America’s greatest living vice president, Dick Cheney, celebrated his 78th birthday on Jan. 30, roughly one week after “Vice,” the new biopic about his life and career, scored eight Oscar nominations, including for best picture, actor, and director.
I doubt that Cheney has seen it, but I’m sure he would appreciate the deep, inherent irony of both the film and its award-winning reception.
“Vice” follows Cheney’s rise from drunken lout to America’s "Dark Knight." A self-made family man who turns his life around after his wife gives him one last chance to get it together, he becomes a successful businessman and an effective public servant committed to doing what it takes to keep the country safe in a time of crisis.
Director Adam McKay may have set out to make a monster movie, but he ended up with a superhero origin story. That Cheney is played by Batman himself, Christian Bale, only emphasizes the heroic parallels. Coincidentally, Bale, who thanked Satan for “inspiration” in playing Cheney during his acceptance speech at the Golden Globes, also shares the former vice president’s Jan. 30 birthday.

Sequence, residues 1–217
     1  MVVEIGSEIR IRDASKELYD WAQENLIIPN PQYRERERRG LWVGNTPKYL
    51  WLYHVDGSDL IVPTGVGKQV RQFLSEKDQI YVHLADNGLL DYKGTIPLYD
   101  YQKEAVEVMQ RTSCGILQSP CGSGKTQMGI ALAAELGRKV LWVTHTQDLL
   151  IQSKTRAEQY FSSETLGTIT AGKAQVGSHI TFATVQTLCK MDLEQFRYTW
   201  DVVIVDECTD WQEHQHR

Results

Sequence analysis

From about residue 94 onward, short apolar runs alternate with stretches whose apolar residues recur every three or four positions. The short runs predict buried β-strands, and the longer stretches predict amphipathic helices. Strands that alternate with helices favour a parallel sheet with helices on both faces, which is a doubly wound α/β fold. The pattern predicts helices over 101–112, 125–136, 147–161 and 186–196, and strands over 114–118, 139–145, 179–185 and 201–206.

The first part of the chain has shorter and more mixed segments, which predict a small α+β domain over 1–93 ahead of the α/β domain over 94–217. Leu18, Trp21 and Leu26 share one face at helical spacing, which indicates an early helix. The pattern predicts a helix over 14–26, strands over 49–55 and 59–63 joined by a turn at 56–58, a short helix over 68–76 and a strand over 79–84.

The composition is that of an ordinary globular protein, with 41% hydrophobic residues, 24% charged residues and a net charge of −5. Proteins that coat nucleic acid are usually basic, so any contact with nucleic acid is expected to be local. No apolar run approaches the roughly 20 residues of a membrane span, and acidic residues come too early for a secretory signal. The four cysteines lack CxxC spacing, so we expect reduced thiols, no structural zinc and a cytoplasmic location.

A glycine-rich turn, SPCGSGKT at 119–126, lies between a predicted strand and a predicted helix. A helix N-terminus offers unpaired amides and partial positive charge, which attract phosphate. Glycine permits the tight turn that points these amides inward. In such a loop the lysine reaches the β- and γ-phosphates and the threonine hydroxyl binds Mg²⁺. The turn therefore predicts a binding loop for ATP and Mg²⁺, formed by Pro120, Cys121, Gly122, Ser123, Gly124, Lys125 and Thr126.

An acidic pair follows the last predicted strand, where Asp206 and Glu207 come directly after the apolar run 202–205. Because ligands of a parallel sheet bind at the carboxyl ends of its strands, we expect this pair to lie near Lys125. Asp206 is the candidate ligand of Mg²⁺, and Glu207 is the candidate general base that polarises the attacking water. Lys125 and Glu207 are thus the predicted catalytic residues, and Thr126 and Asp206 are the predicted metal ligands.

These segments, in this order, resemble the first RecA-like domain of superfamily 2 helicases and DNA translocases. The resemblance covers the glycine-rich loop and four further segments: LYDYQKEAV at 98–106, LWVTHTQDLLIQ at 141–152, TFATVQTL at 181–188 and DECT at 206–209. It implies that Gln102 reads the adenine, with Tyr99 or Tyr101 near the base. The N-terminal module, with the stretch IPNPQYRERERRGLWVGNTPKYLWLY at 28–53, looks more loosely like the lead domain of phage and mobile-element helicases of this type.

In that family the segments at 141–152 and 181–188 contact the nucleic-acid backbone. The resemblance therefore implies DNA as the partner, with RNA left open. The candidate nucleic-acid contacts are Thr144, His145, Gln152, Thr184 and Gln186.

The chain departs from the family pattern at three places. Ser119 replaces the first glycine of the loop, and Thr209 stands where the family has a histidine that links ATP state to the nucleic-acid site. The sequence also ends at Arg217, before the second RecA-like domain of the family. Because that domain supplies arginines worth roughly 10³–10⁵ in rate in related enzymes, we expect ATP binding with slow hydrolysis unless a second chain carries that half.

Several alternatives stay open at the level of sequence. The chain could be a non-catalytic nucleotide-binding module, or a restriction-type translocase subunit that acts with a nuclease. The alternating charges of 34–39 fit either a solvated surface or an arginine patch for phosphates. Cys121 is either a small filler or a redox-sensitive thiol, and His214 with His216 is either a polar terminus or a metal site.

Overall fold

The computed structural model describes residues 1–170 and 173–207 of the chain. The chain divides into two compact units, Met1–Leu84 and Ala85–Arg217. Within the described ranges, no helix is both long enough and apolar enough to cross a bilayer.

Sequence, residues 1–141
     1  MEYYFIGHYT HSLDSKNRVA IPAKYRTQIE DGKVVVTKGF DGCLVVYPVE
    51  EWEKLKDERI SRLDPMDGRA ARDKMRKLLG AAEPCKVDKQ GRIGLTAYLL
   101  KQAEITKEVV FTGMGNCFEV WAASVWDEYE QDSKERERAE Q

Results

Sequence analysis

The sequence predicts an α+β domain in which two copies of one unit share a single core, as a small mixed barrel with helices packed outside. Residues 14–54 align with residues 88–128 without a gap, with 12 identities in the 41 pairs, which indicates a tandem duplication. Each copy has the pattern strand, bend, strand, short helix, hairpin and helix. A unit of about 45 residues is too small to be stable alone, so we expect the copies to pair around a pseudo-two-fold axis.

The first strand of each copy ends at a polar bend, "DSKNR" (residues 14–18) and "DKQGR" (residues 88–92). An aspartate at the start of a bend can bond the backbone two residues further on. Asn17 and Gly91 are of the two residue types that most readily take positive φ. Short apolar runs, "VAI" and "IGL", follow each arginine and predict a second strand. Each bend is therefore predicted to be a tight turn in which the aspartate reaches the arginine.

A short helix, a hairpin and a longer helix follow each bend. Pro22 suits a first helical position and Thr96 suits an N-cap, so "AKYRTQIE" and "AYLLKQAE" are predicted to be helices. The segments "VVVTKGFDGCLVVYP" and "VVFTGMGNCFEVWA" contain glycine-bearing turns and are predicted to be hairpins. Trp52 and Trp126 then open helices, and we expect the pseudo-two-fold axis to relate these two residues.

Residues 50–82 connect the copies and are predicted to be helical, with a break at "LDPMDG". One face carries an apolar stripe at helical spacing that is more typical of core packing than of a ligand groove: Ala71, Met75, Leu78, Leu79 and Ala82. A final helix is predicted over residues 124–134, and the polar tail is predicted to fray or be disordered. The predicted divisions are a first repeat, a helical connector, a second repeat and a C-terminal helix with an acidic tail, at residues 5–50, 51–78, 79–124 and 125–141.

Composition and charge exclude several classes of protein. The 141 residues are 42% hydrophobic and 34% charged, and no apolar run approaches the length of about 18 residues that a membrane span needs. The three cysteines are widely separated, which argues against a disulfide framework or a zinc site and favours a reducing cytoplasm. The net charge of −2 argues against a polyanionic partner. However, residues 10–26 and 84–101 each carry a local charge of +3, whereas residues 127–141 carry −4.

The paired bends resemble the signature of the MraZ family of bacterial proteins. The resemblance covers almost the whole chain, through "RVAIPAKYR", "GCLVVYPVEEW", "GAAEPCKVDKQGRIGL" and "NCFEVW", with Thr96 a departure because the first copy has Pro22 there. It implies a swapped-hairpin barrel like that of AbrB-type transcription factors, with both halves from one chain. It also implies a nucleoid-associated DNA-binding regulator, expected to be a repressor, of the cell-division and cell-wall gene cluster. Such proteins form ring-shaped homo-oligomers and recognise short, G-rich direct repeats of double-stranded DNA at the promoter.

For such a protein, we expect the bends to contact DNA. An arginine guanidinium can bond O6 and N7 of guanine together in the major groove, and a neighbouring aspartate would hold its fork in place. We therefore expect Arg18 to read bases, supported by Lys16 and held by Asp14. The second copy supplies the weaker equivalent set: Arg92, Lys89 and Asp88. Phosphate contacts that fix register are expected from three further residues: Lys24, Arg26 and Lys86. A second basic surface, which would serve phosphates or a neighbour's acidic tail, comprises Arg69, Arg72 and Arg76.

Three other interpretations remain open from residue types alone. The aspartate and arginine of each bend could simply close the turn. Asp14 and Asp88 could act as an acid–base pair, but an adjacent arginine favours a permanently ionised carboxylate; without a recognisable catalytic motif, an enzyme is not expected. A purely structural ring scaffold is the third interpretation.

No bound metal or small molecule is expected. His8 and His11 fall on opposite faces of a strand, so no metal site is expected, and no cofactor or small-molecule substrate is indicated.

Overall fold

“Vice” is a movie that hates its subject, and wants you to hate him too, but what’s actually shown on screen doesn’t quite match up with the sinister tone — imagine someone angrily shouting compliments at you. The resulting film is uneven and disjointed, something that has particularly rankled liberal audiences and critics who prefer their anti-Republican agitprop without so much humanizing nuance.
Nowhere is this asymmetry between intention and final product more jarring than in the movie’s final scene, a fourth-wall-breaking, direct-to-camera monologue delivered in a low-growl by a coiled Cheney. It’s presented as if it were a super villain’s maniacal manifesto; but the words themselves bluntly enunciate a clear motivation that is nothing short of inspiring:
The world is as you find it … And there are monsters in this world. We saw 3,000 innocent people burned to death, by those monsters. And yet, you object, when I refuse to kiss those monsters on the cheek and say, ‘pretty please.’ You answer me this, What terrorist attack would you let go forward so you wouldn’t seem like a mean and nasty fella? I will not apologize for keeping your families safe. And I will not apologize for doing what needed to be done, so your loved ones can sleep peacefully at night.
It’s a beautiful moment of poetic irony. McKay spends 130 minutes tendentiously editorializing, only to let Cheney have the last word. “Vice” may be a bad movie, but for that speech alone it should win all the Oscars (just think of the takes).
Happy birthday to Cheney, a silent guardian, a watchful protector, the hero we needed.